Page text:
"When American education is in crisis, policy makers and thought leaders roll out the STEM argument, that the science, technology, engineering and math curriculum needs to be emphasized as the cornerstone of American competitiveness in a world where Chinese students do lightening drills on the periodic table of the elements at age 4 (lol).
There is certainly no question that STEM education and STEM skills are a vital part of this country’s edge, but many educators would argue that STEM is missing a key set of creativity-related components that are equally critical to fostering a competitive and innovative workforce, and those skills are summarized under the letter “A” for Arts.
Two years ago, the Conference Board and Americans for the Arts, in association with the American Association of School Administrators (AASA), conducted a survey of executives and school superintendents. The study, called Ready to Innovate, demonstrated that more and more companies are looking for skill sets in their new employees that are much more arts/creativity-related than science/math-related. Companies want workers who can brainstorm, problem-solve, collaborate creatively and contribute/communicate new ideas.
And, interestingly, the study shows that managers are finding a dearth of creative workers trained in these “A” skills. So why is this not part of the overall national debate?
STEM should be amended to STEAM, an idea that has been kicking around with many people in the creative industries for a few years now, and became a key discussion point of the Americans for the Arts 2007 National Policy Roundtable where the Ready to Innovate study was first unveiled."
"Join me Tuesday, August 28th, for another live and interactive FutureofEducation.com webinar with Tony Wagner, this time on his latest book, Creating Innovators: The Making of Young People Who Will Change the World. Tony recently accepted a position as the first Innovation Education Fellow at the Technology & Entrepreneurship Center at Harvard. Prior to this, he was the founder and co-director of the Change Leadership Group at the Harvard Graduate School of Education for more than a decade. Creating Innovators is a "provocative look at why innovation is today’s most essential real-world skill and what young people need from parents, teachers, and employers to become the innovators of America’s future" (from the publisher catalog).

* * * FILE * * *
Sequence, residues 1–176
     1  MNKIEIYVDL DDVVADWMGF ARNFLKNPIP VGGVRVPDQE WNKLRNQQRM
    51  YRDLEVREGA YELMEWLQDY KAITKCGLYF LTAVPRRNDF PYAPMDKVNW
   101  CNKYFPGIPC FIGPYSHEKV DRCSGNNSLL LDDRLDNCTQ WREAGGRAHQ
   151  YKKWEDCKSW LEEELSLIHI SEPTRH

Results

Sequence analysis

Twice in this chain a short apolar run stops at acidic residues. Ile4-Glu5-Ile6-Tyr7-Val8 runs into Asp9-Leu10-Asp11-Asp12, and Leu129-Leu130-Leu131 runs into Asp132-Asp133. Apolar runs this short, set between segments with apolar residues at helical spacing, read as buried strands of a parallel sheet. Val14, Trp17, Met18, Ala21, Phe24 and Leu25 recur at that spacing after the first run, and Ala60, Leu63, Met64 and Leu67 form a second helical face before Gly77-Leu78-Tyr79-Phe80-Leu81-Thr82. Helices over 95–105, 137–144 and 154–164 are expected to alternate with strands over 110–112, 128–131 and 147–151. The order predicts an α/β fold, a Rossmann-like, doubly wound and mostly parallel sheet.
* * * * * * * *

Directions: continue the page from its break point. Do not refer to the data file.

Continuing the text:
Date: Tuesday, August 28th, 2012 Time: 5pm Pacific / 8pm Eastern (international times here) Duration: 1 hour Location: In Blackboard Collaborate (formerly Elluminate). Log in at http://futureofed.info. The Blackboard Collaborate room will be open up to 30 minutes before the event if you want to come in early. To make sure that your computer is configured for Blackboard Collaborate, please visit the support and configuration page. Recordings: The full Blackboard Collaborate recording and a portable .mp3 audio recording will be available after the interview at http://www.futureofeducation.com. Mightybell Discussion and Resource Space: https://mightybell.com/spaces/3d0f0836f5a57871# (includes links to Tony's website and the main book website, as well as the ability to add or comment on other resources)."
"Leaders who want to foster innovation should ask themselves these questions:
1. In my quest for the next big innovation, have I overlooked smaller incremental innovations that could still have a big impact on customer experiences or on employee productivity?
2. Do I reinvest my spare capacity into expanding my own knowledge, exploring future trends and learning from others? Or does my focus on performance and results preclude any consideration of unproven innovations?
3. Am I doing one thing every day that scares me? How much time do I spend pushing my own boundaries and working at the limits of my competence, where the next great innovations are most likely to be discovered?"